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From Wikipedia, the free encyclopedia

Bibb Falk
Bibb Falk.jpg
Left fielder
Born: (1899-01-27)January 27, 1899
Austin, Texas
Died: June 8, 1989(1989-06-08) (aged 90)
Austin, Texas
Batted: Left Threw: Left
MLB debut
July 17, 1920, for the Chicago White Sox
Last MLB appearance
September 23, 1931, for the Cleveland Indians
MLB statistics
Batting average.314
Home runs69
Runs batted in784
Teams
As player

As coach

Bibb Falk
Bibb Falk.jpg
Coaching career (HC unless noted)
Baseball
1940-1942Texas
1946-1967Texas
Head coaching record
Overall434-152-10
Accomplishments and honors
Championships

Bibb August Falk (January 27, 1899 – June 8, 1989) was an American left fielder in Major League Baseball who played for the Chicago White Sox (1920–28) and Cleveland Indians (1929–31).

Born in Austin, Texas, Falk played football and baseball at the University of Texas before signing with the White Sox in 1920. He was a spare outfielder with the Sox until news of the 1919 Black Sox scandal broke and eight players were suspended; Falk replaced Shoeless Joe Jackson in left field. Falk was a consistent hitter, ending his career after twelve seasons with a .314 career batting average. He was also known as a heady player whose merciless riding of opponents earned him the nickname "Jockey." His best season was in 1926 with the White Sox; he had a .345 batting average, 43 doubles, and 108 runs batted in, and finished 12th in MVP voting that year.[1] After the 1928 season, he was traded to the Cleveland Indians for Chick Autry, and played three more seasons in the major leagues before retiring as a player and becoming a coach.

In 1353 games over 12 seasons, Falk posted a .314 batting average (1463-for-4652) with 655 runs, 300 doubles, 59 triples, 69 home runs, 784 RBI, 47 stolen bases, 412 bases on balls, .372 on-base percentage and .449 slugging percentage. He finished his career with a .967 fielding percentage playing at left and right field.

After Major League coaching stints with the Indians (1933) and Boston Red Sox (1934), Falk coached baseball at the University of Texas from 1940 to 1942, then again from 1946 to 1967, winning consecutive College World Series titles in 1949 and 1950. In 1975, the new Disch-Falk Field at the University of Texas was named in honor of Falk and his former coach, Billy Disch. He died at age 90 in Austin.[2]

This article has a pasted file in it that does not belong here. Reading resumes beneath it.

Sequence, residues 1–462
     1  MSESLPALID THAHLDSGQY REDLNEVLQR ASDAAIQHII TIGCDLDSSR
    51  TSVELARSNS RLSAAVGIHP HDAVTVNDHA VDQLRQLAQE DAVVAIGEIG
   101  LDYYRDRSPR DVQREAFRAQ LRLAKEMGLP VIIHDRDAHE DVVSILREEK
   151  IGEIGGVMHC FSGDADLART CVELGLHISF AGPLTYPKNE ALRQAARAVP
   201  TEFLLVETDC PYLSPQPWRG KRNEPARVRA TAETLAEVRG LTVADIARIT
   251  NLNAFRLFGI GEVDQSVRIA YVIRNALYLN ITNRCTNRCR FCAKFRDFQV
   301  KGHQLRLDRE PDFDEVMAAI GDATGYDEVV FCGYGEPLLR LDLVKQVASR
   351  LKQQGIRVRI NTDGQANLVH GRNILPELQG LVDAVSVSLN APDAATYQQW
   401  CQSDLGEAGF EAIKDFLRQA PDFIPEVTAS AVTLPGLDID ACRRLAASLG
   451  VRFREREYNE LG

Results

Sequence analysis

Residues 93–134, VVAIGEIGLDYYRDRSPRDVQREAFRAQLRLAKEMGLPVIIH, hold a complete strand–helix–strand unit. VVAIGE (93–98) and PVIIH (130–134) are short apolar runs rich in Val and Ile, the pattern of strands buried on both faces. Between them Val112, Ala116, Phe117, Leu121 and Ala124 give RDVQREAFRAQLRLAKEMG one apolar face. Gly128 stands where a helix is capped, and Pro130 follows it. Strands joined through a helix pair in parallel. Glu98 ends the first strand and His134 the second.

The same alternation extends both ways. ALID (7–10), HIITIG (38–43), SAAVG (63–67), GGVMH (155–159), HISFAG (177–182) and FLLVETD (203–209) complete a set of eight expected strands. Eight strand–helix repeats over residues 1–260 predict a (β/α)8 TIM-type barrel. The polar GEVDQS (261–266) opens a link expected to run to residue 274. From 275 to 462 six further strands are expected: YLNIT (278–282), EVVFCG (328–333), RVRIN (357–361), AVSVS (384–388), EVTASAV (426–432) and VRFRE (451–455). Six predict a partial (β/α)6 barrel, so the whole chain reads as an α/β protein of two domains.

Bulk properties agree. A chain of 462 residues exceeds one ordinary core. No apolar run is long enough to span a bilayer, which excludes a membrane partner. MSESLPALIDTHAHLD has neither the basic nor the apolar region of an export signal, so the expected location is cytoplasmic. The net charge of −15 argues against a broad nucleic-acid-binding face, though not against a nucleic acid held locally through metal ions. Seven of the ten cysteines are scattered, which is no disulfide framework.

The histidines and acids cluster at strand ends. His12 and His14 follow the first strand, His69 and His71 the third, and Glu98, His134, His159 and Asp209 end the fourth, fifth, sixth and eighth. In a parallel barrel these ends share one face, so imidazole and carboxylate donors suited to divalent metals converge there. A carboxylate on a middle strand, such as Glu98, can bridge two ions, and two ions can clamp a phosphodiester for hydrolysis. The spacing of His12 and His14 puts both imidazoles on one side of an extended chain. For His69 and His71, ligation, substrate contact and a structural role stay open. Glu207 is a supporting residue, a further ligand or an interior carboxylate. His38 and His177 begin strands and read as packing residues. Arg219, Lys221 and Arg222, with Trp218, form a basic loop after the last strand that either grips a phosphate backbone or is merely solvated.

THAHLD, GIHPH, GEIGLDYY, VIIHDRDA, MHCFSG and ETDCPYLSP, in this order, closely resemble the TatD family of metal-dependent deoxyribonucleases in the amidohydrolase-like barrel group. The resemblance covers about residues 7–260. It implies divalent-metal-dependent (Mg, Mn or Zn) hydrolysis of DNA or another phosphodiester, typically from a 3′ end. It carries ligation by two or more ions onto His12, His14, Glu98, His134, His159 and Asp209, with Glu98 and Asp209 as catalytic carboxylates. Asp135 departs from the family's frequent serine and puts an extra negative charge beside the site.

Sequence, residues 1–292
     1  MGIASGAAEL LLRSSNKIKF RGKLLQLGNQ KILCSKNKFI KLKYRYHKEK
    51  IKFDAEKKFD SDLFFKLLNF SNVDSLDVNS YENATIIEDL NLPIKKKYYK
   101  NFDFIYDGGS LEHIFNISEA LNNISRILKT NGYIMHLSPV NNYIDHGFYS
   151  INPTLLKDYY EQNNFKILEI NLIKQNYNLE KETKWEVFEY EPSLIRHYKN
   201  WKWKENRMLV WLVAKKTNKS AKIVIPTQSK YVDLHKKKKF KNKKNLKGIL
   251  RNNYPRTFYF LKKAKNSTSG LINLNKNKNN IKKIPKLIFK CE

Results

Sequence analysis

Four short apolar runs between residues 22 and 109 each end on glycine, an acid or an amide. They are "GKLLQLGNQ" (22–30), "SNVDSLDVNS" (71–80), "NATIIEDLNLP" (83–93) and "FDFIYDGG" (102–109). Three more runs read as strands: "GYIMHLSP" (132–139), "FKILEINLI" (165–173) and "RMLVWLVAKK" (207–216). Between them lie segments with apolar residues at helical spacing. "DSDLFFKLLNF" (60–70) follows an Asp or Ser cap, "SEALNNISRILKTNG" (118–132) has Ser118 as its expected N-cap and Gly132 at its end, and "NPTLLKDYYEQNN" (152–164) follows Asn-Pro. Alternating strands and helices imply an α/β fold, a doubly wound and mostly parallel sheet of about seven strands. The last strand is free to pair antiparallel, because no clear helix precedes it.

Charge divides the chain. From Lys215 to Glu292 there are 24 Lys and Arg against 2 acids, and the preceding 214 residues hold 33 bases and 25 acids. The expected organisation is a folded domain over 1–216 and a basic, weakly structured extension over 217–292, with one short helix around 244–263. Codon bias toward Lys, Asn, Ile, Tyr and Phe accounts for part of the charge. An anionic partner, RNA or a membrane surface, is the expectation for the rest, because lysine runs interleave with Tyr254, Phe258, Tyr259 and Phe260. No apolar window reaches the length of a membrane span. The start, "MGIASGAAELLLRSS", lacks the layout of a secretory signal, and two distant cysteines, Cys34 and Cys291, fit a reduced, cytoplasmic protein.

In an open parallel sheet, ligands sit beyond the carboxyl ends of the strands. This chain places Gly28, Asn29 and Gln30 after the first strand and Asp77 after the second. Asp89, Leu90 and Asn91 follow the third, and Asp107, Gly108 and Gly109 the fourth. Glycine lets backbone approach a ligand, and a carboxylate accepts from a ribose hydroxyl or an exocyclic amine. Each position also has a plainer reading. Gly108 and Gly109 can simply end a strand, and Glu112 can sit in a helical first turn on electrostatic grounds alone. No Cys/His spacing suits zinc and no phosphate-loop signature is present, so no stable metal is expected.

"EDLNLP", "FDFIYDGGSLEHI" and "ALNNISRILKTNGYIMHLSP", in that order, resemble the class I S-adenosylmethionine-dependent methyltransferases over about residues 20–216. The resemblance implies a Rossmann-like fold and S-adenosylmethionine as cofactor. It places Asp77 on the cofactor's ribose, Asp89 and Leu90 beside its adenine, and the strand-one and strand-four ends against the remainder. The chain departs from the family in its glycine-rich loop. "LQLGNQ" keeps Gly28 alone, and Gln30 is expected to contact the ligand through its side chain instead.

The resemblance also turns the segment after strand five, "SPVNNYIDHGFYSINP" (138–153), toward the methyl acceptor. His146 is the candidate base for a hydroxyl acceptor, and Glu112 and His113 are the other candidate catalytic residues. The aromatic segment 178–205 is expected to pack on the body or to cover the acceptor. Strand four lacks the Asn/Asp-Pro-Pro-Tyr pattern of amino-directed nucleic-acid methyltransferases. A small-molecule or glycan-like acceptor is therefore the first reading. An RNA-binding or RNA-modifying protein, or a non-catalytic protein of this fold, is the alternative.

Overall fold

Head coaching record

College baseball

The records shown below are only the collegiate record, not the overall record against not collegiate teams.

Statistics overview
Season Team Overall Conference Standing Postseason
Texas Longhorns[3] (Southwest Conference) (1940–1942)
1940 Texas 15-4 14-1 1st
1941 Texas 14-3 12-3 1st
1942 Texas 11-4 9-4 2nd
Texas Longhorns (Southwest Conference) (1946–1967)
1946 Texas 19-2 14-0 1st
1947 Texas 19-2 14-1 1st NCAA District Tournament
1948 Texas 18-1 13-1 1st
1949 Texas 22-4 12-3 1st College World Series Champions
1950 Texas 24-4 14-1 1st College World Series Champions
1951 Texas 15-4 11-4 T-1st
1952 Texas 19-9 11-4 1st College World Series
1953 Texas 24-7-1 12-3-1 T-1st College World Series Runner-Up
1954 Texas 15-7-2 10-2-1 1st NCAA District Tournament
1955 Texas 10-13-1 7-8-1 T-3rd
1956 Texas 5-13 3-11 6th
1957 Texas 19-5 12-1 1st College World Series
1958 Texas 18-7 13-2 1st NCAA District Tournament
1959 Texas 13-7 9-5 2nd
1960 Texas 19-3 13-2 1st NCAA District Tournament
1961 Texas 20-5-2 11-3-2 1st College World Series
1962 Texas 22-7 12-2 1st College World Series
1963 Texas 21-7-1 12-3 T-1st College World Series
1964 Texas 16-7-1 10-5-1 T-2nd
1965 Texas 18-7 11-4 1st College World Series
1966 Texas 21-9-2 9-6 T-1st College World Series
1967 Texas 17-11 10-5 T-1st NCAA District Tournament
Texas: 434–152–10 (.737) 276–84–7 (.762)
Total: 434–152–10 (.737)

      National champion         Postseason invitational champion  
      Conference regular season champion         Conference regular season and conference tournament champion
      Division regular season champion       Division regular season and conference tournament champion
      Conference tournament champion

References

  1. ^ "Bibb Falk Statistics and History". Baseball-Reference.com. Retrieved May 30, 2016.
  2. ^ Bibb Falk dies at 90
  3. ^ "Texas Baseball History 2018 Fact Book" (PDF). Texas Sports. Retrieved 25 October 2019.

External links

Preceded by
Billy Disch
Blair Cherry
Texas Longhorns head baseball coach
1940-1942
1946-1967
Succeeded by
Blair Cherry
Cliff Gustafson
This page was last edited on 25 August 2020, at 21:35
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